The drawings of Samantha Wall are simultaneously bold and subtle explorations of identity and emotion, presenting the individual as the subject and the object of the gaze. With her latest show, Let Your Eyes Adjust to the Dark, Wall explains, “I delve into my obsession with the internal mechanisms that both separate us as individuals while simultaneously linking us as a whole. I draw from the building blocks of our psyche: emotions, drives, compulsions, and desires. These internal forces are the foundation and fuel for the construction of identity, creating a subconscious network through which we communicate. My drawings access this network in search of the paths that stray close to the shadow.” In this work, Wall begins her process with photographs she has taken of women, finding one image among hundreds that captures an interior and private space. Using charcoal, graphite and ink, she then creates evocative portraits that are both aesthetically stunning and conceptually challenging, working and reworking them until she reaches an image that captures nuances of human identity and emotional experience. She addresses issues of ethnicity identity, feminism, and the complex relationship that can exist between ‘the viewer’ and ‘the viewed.’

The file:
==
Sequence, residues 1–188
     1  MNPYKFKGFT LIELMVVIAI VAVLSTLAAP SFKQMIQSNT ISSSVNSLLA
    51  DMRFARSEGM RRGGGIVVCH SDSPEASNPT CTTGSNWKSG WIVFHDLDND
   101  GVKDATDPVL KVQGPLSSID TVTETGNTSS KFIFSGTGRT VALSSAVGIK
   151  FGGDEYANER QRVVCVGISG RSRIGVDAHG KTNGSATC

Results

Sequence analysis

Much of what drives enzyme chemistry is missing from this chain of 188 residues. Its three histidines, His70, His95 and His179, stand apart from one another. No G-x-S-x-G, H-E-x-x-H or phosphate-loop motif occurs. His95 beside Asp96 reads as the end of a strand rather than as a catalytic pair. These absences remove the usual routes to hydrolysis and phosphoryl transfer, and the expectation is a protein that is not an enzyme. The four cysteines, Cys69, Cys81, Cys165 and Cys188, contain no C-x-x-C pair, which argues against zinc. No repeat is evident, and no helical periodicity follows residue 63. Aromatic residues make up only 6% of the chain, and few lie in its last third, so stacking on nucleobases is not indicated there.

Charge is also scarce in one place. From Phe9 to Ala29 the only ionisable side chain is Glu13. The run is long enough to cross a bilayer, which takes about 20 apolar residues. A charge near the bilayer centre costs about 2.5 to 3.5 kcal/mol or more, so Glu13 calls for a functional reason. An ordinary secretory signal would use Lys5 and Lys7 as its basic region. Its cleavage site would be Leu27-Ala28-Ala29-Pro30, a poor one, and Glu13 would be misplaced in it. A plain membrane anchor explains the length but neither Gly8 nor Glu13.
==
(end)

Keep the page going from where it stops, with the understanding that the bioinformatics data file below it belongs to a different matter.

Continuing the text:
Originally from Seoul, South Korea, Samantha Wall immigrated to the United States as a child. She received her BFA from The University of South Carolina, Columbia, SC, and her MFA from Pacific Northwest College of Art, Portland, OR. Her work has been featured in both solo and group exhibitions regionally and nationally. Recent exhibitions include an invitational at The Loving Festival in New Orleans, LA, with her work featured at the Stella Jones Gallery, and participation in A Likeness: Works in Contemporary Portraiture, at The Archer Gallery, Clark College, Vancouver, WA. Wall is the recipient of awards and grants from organizations including the Oregon Arts Commission; Portland, Oregon’s Regional Arts & Culture Council; The Ford Family Foundation; and The Joan Mitchell Foundation. She is also a semi-finalist for the Portland Art Museum’s upcoming Contemporary Northwest Art Awards 2015.